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Title: The experience of action : intention and attention
Author: Johnson, Helen
Awarding Body: University of London
Current Institution: University College London (University of London)
Date of Award: 2003
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'Motor awareness' can be defined as any reportable knowledge available about a movement. This topic has received little attention from psychologists. This thesis aimed to establish suitable methods for measuring motor awareness. Two methods were developed; first, movement reproduction, a kinematic approach measuring the spatial details of participants' awareness, second, temporal judgements, a cognitive approach measuring awareness of movement duration. Both were found to be sensitive and appropriate measures. Movement reproduction was used in Experiments 1, 2 and 3 to investigate awareness of online corrections in pointing movements. In Experiment 1 slow, intentional corrections were reproduced accurately, whilst fast, automated corrections showed attenuated awareness. Anti point errors were an exception to this pattern. These automated corrections entered awareness as accurately as intentional movements. It was proposed that intention plays a major role in the extent to which a movement enters motor awareness and that errors also trigger a supervisory attentional system. Experiments 2 and 3 combined movement repetition with saccadic suppression. Perceptual and motor awareness were found to dissociate; participants reproduced movement corrections made in response to target jumps, even when perceptually unaware of the target jumps themselves. Experiment 3 attempted to disrupt online corrections with TMS, but no basic effect of TMS was found. Experiment 4 used a variant of temporal discrimination to investigate awareness of saccades. Again a dissociation of awareness was found, the intentional, planning component of the saccade entered awareness, whilst the automated component was subject to the chronostasis illusion. Experiments 5, 6 and 7 then combined Verbal Time Estimation with attentional cueing tasks. Participants were aware of the attentional effects on their RT when caused by endogenous cues, but not when caused by exogenous cues. Finally, a model was proposed in which motor awareness receives inputs from both an intentional system and error detecting circuits.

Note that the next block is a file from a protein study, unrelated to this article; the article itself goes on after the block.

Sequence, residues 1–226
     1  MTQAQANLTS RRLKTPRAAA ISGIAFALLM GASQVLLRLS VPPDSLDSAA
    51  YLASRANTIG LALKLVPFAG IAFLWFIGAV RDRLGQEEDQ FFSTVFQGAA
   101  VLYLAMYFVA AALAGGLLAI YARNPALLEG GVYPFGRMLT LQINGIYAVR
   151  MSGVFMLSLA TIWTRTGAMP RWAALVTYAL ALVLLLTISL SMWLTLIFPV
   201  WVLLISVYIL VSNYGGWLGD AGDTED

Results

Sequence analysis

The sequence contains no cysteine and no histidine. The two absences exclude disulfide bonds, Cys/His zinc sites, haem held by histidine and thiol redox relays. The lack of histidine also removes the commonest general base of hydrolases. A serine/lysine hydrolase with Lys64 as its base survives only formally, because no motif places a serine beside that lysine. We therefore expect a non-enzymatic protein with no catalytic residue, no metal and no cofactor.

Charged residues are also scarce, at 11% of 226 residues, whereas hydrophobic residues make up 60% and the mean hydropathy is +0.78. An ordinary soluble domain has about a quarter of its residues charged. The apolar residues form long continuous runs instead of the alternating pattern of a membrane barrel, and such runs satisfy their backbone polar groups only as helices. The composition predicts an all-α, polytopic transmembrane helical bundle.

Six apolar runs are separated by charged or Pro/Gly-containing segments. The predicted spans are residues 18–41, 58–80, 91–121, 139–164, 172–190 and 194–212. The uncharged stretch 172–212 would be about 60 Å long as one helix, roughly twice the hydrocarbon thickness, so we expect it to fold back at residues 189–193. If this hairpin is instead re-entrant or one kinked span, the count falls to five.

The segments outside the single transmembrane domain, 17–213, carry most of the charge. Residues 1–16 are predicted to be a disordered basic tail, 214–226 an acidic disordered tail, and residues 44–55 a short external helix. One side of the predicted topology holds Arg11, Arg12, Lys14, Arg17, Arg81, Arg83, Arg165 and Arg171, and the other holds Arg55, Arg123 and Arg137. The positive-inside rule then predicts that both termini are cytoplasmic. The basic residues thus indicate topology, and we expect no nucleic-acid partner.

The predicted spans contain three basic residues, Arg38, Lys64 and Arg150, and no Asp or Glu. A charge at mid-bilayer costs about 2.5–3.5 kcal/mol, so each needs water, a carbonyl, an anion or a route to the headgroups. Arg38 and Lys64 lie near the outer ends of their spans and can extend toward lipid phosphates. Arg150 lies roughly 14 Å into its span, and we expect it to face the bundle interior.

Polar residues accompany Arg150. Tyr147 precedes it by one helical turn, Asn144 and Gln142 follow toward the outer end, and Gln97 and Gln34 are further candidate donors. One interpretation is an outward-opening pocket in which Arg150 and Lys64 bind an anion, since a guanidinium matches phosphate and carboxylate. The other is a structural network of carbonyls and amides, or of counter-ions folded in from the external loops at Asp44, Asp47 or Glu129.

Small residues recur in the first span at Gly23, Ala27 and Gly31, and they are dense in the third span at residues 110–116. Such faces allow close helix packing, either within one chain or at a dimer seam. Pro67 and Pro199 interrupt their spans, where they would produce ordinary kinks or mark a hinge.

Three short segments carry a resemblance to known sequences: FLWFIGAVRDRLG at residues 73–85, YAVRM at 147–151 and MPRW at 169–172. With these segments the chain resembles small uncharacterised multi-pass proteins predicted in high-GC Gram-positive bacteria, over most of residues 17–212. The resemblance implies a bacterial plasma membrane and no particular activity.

Supervisor: Not available Sponsor: Not available
Qualification Name: Thesis (Ph.D.) Qualification Level: Doctoral
EThOS ID:  DOI: Not available